The space on the left is rearming itself, and Yolanda Díaz is not the only political actor preparing a platform for the next generals. The minority partners of the Government, the nationalists ERC, EH Bildu and BNGThey are also already exploring an alliance that will strengthen them in the face of the generals; a new front in space that pursues common interests: join forces in the respective territories to promote synergies and amplify their voice on the national stage, where until now they occupy a more testimonial role.
The good harmony between these forces is nothing new. All of them adhered on October 25, 2019 to the agreement of ‘Declaration of the Llotja de Mar‘in which they demanded a political agreement on the Catalan crisis, the defense of the right to self-determination and the release of “political prisoners”. This initiative was also joined by other nationalist forces such as the Balearic Islands of Mès or the CUP.
The two main forces that would make up this new left-wing path are the Catalan republicans and the nationalists, who maintain a fluid relationship; The last episode that shows the mutual support they provide is the presence of Oriol Junqueras this Saturday at the demonstration for the ETA prisoners; Leaders of Podemos have also attended this march; The formation has never hidden its intention to consolidate the alliances that constituted the “block of the motion of censure” and to promote rapprochement with the leftist independence party. However, from ERC they reject any alliance beyond specific agreements in Parliament or with the Government and are already thinking of their own project that amplifies the demands of the nationalist bloc.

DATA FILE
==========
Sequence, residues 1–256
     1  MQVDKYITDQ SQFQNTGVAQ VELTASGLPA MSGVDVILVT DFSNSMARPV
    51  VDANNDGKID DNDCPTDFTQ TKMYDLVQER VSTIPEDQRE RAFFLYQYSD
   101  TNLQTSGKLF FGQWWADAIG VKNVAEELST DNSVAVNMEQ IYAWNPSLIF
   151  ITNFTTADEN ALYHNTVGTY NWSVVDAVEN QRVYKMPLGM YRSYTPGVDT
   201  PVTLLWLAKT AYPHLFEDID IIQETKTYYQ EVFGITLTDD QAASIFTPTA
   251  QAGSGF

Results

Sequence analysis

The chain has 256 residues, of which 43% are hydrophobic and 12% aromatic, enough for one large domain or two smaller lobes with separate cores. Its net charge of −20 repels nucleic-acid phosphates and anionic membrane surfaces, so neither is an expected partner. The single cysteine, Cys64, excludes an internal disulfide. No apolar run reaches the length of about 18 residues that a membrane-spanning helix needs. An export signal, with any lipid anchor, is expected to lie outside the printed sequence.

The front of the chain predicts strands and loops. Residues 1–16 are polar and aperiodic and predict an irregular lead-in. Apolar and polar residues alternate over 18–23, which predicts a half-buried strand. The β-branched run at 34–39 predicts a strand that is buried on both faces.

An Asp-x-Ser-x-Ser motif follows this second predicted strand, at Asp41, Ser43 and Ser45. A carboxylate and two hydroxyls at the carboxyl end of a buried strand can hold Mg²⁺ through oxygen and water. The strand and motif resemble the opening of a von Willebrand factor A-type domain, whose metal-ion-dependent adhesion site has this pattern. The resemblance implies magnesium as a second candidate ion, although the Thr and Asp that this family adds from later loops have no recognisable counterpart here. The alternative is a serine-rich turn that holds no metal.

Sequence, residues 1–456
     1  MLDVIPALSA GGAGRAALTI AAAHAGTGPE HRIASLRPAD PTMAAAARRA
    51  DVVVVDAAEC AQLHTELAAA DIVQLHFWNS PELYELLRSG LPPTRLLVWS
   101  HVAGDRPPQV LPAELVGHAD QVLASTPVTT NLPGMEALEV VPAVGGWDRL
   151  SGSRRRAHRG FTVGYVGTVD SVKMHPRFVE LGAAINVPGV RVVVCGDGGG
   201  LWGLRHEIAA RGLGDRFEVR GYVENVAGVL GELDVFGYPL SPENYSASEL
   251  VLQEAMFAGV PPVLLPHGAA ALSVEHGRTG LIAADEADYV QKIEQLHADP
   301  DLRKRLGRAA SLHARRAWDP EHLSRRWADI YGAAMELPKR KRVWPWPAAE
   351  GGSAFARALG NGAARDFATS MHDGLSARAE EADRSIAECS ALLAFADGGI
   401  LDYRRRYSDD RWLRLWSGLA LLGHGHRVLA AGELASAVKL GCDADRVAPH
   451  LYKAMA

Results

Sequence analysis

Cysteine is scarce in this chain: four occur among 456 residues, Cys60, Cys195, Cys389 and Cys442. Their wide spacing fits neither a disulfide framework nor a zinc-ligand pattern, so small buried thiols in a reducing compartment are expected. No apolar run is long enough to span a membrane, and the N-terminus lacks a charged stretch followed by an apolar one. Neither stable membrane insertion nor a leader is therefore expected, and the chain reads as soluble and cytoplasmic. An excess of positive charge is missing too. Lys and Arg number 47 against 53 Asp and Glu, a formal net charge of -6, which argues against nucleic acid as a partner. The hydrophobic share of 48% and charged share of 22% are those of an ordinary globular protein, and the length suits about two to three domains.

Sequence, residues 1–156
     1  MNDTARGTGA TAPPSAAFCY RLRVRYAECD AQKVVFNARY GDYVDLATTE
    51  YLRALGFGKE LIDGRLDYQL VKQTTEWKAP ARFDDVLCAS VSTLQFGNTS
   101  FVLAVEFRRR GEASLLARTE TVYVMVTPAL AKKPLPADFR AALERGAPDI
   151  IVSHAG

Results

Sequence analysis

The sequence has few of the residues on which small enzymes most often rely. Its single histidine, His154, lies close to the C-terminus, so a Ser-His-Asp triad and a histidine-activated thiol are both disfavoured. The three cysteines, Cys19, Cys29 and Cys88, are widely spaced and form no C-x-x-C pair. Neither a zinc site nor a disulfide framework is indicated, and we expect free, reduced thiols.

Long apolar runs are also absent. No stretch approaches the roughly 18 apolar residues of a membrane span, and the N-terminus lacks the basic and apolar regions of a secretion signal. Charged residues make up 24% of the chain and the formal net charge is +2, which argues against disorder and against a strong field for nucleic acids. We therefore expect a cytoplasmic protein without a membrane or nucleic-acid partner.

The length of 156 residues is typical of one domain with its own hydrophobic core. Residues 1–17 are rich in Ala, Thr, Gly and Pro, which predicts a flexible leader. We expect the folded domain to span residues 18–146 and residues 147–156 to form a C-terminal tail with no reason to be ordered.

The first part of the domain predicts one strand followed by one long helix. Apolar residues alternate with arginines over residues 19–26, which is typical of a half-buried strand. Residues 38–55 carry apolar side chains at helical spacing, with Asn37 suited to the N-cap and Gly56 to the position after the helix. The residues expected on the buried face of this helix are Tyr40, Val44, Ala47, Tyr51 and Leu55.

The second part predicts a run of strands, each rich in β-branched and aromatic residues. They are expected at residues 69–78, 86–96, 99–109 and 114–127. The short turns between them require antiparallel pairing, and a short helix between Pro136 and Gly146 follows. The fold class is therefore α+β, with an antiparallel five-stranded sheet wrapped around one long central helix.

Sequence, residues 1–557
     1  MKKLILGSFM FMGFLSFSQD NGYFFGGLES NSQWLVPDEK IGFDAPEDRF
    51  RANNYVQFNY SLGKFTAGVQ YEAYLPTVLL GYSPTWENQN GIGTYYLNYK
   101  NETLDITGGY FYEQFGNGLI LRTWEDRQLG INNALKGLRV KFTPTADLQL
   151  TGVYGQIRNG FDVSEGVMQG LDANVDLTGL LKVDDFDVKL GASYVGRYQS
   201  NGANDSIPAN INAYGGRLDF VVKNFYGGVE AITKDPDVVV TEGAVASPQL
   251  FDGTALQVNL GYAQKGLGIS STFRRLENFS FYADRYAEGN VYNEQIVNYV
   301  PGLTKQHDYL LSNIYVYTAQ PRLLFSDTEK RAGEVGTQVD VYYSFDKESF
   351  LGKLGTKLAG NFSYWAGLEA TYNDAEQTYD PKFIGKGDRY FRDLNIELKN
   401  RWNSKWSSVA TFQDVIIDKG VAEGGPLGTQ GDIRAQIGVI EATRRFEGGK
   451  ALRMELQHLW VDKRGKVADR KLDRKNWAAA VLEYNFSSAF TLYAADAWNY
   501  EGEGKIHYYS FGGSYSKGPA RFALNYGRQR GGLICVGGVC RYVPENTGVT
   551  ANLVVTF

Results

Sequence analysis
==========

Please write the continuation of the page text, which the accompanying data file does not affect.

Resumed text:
The Galician nationalists of the BNG have become a hotly contested actor in this reconstruction of the left, and they have been probed by both the independence front and Yolanda Díaz’s. So much so that Ana Pontón, the party leader, was invited to join the act of the second vice president in Valencia along with Ada Colau or Mónica Oltra, but ended by decline the invitation.